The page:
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How come headphones produce so low frequencies ?
Old 8th December 2019
  #1
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Thavma's Avatar
How come headphones produce so low frequencies ?

How can the small 2-3 inch headphones produce that low frequencies while some speakers are not capable of doing it? Even the in-ear which are no even one inch. I am so curious. Is it the enclosure, the distance to the ear or something?
Old 8th December 2019
  #2
Lives for gear
You have the correct answers.
Inside the ear cup on headphones, and in the bit of the ear canal between in-ears and your eardrums, there is a very small volume of air to compress and decompress to produce low frequencies, and you have very small and isolated distances for that information to travel. So it is “easy-peasy” to reproduce low frequencies with very little electrical power.
It is easy to prove that with in-ears. When you loosen the earpiece just a little, you lose the seal on your enclosed tiny space, and you lose most of the low frequencies.
Old 8th December 2019
  #3
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hmmm! you got a point!
But if the in-ears have the "luxury" of ear canal then why not the speakers have that? maybe this is totally stupid to ask... but again I am curious as of why the tiny headphones can produce subs, while speakers don't , I am not a noob, I know about basic things of acoustics and sound, I am not expert of-course but this came as a so weird question!
Old 8th December 2019
  #4
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Compared to the tiny, tiny volume of air inside the ear cups or ear canal, speakers fire into a relatively humongous volume of air in a room or outdoors, so the energy and piston (speaker) size required to compress and decompress that huge volume of air for low frequencies is logarithmically larger.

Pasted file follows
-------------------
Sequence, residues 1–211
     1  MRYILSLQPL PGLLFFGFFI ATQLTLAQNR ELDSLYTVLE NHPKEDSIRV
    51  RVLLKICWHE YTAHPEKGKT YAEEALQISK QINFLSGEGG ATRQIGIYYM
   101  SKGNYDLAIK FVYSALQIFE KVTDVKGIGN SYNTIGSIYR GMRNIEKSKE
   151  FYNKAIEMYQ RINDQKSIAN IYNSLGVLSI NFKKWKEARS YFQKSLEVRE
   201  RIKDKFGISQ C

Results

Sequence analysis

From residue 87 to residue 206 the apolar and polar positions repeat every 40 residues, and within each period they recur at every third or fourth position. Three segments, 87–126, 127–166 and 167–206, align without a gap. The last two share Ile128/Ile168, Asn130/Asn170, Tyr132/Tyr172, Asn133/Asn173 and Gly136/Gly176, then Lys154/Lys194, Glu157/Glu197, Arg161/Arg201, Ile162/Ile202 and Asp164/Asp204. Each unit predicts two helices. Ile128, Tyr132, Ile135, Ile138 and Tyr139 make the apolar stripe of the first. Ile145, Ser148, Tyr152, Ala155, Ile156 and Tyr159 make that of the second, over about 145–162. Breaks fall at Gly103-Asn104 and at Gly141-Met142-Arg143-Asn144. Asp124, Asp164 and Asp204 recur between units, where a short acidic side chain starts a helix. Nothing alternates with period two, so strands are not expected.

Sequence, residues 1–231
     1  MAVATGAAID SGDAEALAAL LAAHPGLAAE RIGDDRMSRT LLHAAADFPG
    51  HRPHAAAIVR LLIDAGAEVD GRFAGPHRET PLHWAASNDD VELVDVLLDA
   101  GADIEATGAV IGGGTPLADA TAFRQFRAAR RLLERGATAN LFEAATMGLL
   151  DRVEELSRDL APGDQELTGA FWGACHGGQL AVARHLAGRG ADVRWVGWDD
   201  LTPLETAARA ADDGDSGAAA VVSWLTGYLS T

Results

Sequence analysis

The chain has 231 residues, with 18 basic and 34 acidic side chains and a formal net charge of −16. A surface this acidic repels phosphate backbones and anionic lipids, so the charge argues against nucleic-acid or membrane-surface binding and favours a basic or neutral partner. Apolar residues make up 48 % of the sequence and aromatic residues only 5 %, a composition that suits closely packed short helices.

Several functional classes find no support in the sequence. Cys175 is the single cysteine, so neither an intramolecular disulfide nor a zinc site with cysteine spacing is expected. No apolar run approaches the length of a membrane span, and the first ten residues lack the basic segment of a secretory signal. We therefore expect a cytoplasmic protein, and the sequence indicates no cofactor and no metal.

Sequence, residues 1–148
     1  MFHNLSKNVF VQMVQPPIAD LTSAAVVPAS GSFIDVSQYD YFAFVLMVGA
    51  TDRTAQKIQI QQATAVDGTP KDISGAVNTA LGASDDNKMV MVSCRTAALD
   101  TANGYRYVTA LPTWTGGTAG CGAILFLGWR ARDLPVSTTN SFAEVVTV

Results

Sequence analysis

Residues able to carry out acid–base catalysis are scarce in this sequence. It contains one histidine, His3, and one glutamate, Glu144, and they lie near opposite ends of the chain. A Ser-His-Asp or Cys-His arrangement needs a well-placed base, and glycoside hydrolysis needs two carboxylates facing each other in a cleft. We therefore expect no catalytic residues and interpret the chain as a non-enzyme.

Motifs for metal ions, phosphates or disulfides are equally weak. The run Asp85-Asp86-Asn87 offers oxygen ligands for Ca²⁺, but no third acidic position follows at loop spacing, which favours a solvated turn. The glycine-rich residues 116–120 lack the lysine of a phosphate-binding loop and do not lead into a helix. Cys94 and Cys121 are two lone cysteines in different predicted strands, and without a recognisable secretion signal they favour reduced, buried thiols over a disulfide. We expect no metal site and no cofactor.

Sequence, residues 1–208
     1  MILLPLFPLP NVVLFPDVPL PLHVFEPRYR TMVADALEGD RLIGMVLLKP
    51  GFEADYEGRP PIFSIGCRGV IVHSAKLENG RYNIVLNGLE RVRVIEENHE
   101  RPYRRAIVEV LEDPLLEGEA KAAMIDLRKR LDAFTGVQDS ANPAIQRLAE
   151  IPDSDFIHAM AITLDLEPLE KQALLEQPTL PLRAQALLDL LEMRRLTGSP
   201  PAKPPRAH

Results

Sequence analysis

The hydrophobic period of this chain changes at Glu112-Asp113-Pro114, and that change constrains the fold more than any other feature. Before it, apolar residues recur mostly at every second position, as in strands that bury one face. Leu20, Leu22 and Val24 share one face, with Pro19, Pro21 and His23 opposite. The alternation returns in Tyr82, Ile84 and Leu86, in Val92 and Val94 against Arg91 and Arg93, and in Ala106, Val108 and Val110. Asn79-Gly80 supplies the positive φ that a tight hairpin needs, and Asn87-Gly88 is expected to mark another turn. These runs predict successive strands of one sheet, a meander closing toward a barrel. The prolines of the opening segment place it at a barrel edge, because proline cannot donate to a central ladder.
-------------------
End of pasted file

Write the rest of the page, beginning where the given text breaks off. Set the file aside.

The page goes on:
High frequencies don’t require the same energy because they are directional, and also because the compression/decompression distances (cone excursion) of speakers and tweeters gets smaller and smaller and even smaller as frequencies increase.
Old 8th December 2019
  #5
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wow! amazing! sounds like you know so much about it, this is a great answer and I understand totally now!
Old 8th December 2019
  #6
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Quote:
Originally Posted by Thavma View Post
hmmm! you got a point!
But if the in-ears have the "luxury" of ear canal then why not the speakers have that? maybe this is totally stupid to ask... but again I am curious as of why the tiny headphones can produce subs, while speakers don't , I am not a noob, I know about basic things of acoustics and sound, I am not expert of-course but this came as a so weird question!

Headphones absolutely cannot produce sub 60hz sound. And the Bass you hear is not accurate on 99% of the headphones - which is one reason why it's very difficult to get a great mix using only Headphones.
Old 8th December 2019
  #7
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Quote:
Originally Posted by Papanate View Post
Headphones absolutely cannot produce sub 60hz sound. And the Bass you hear is not accurate on 99% of the headphones - which is one reason why it's very difficult to get a great mix using only Headphones.
Interesting! Do you have a proof of that saying?
Old 8th December 2019
  #8
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Quote:
Originally Posted by Thavma View Post
Interesting! Do you have a proof of that saying?